Because you get three free reports every year, it’s unlikely you’ll need additional copies, but you can purchase them directly from the credit bureaus. Each report costs anywhere from $1 to $11.
2. Check Your Credit Report for Errors
Each time you open your credit report, you should review it closely for errors. In many cases, these errors can be significant. As many as 25% of all credit reports contain errors serious enough to cause denial on a credit application. Responsibly managing your credit will help you achieve a better credit score, but truly fixing bad credit requires that you to focus on the source of the problem.
When reviewing your credit report for errors, be sure to look for:
- Incorrect personal information (i.e. misspellings, wrong addresses)
- Accounts that don’t belong to you
- Missing accounts that should be listed on your report
- Incorrect public records (i.e. bankruptcies, foreclosures)
- Accounts that aren’t accurate (i.e. they say they’re open when they’re actually closed)
- Accounts listed as “closed by grantor” (meaning the lender closed the account on you)
- Duplicate accounts
- Data management errors
- Delinquencies or derogatory marks
- Fraudulent activity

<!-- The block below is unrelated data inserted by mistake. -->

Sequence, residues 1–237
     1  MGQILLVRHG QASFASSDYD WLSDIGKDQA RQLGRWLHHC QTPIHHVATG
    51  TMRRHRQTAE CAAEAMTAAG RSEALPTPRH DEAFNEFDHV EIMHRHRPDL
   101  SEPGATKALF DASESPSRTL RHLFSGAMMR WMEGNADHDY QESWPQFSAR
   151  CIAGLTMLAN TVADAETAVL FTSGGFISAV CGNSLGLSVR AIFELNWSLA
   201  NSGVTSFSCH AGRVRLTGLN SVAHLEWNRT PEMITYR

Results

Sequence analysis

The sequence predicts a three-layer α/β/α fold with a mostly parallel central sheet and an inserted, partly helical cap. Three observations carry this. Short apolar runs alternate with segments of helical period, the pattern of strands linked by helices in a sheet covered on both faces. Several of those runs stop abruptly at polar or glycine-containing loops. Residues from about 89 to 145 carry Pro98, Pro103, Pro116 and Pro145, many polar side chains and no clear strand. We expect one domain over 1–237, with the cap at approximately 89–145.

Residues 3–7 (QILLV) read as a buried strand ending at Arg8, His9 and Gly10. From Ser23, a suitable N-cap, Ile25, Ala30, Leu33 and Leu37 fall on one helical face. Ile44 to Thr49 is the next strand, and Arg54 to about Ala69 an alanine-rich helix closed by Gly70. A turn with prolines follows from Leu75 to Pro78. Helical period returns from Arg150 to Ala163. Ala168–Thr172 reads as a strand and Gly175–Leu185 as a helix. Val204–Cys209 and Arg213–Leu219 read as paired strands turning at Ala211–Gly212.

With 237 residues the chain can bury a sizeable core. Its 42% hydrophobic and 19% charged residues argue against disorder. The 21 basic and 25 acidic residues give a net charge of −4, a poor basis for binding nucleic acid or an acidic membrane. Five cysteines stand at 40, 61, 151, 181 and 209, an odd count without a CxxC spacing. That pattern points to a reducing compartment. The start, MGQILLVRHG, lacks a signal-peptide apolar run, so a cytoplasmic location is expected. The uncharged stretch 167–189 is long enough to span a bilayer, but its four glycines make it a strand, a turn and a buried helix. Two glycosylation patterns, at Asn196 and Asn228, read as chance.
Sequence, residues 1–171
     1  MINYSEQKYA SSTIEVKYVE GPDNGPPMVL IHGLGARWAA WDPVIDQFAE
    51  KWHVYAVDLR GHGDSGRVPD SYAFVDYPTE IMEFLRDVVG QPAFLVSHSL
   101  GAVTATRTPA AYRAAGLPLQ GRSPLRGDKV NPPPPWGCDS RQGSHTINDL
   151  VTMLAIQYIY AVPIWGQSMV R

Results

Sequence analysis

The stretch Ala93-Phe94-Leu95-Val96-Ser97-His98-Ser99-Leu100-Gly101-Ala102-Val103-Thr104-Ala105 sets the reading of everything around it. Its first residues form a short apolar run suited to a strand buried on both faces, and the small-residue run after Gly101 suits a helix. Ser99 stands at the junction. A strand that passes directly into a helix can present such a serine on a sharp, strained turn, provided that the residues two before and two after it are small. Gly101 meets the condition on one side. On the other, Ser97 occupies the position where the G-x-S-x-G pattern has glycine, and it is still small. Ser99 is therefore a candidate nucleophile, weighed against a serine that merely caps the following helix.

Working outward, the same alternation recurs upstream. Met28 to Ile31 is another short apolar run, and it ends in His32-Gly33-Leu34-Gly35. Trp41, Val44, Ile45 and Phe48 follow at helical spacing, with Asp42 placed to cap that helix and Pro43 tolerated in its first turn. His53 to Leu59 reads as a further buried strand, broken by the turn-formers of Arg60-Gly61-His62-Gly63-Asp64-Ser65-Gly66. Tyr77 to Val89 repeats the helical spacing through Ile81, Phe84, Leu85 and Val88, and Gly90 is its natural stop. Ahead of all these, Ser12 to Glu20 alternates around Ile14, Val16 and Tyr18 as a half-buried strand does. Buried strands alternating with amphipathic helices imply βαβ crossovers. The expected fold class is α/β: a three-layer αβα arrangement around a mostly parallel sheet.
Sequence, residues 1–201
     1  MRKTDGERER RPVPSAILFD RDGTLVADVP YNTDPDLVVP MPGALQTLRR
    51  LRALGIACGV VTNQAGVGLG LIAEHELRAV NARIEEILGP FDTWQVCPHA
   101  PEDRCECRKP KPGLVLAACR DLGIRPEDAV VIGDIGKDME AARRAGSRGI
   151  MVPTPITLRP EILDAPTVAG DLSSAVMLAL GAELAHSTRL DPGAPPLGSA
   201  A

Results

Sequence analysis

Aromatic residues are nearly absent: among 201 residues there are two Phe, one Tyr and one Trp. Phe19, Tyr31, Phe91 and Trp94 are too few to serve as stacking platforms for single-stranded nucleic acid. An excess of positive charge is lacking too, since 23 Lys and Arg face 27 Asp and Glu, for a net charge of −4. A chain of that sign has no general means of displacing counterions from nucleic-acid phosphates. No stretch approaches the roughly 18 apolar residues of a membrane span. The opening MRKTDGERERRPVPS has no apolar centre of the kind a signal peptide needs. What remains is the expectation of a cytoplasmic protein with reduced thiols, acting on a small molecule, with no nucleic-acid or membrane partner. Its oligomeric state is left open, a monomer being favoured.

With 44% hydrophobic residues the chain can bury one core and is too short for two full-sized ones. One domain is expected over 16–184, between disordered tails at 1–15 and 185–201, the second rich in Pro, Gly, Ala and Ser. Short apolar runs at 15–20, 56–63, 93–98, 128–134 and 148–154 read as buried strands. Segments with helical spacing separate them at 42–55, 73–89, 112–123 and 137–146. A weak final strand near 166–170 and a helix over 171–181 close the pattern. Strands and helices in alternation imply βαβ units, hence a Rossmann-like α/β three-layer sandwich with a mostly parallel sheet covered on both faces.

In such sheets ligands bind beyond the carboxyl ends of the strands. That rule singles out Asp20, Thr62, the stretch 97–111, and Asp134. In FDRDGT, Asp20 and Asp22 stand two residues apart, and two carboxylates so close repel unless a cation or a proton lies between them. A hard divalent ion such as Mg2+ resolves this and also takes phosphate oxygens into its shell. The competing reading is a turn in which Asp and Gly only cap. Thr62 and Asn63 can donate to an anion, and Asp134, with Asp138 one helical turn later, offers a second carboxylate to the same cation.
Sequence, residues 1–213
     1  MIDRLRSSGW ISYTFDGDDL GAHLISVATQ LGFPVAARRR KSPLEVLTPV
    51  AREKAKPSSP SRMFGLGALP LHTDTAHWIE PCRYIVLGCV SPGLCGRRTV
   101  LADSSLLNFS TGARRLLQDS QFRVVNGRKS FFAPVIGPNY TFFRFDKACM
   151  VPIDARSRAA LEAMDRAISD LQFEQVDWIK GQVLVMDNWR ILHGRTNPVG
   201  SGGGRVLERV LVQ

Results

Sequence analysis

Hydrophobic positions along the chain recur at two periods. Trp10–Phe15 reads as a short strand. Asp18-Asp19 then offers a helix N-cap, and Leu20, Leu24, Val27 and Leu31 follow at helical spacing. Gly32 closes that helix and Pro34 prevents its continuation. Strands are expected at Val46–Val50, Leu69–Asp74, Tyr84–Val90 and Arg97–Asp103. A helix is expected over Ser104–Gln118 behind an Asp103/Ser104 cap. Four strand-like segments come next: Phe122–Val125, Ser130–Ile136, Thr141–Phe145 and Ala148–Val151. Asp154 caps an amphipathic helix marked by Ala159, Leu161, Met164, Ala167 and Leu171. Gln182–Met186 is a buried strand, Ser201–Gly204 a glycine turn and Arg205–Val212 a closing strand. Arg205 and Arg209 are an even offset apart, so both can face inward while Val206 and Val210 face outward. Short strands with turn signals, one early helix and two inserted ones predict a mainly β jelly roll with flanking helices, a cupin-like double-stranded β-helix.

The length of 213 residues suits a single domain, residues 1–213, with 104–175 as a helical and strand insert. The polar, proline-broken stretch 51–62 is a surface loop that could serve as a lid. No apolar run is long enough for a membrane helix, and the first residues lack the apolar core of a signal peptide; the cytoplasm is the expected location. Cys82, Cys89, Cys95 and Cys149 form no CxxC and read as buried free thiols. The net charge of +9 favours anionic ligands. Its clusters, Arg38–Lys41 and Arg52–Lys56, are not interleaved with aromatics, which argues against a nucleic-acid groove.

- Incorrect inquiries
Any of these errors could impact your credit — and whether or not a lender will approve you for a loan. If you do find an error on your report, you should check to see if the error appears on the two other reports produced by the major credit bureaus.
By fixing simple errors, many people have seen dramatic improvement of their credit standing in a relatively short period of time. Taking an active approach in managing your credit and fixing errors will produce much better results than sitting back and waiting for your credit score to improve.
3. Dispute Errors in Your Report
Once you’ve found mistakes on your credit report, it’s time to dispute the errors. Luckily, the bureaus are obligated legally to try and resolve mistakes. You can request a correction online or by mail or phone.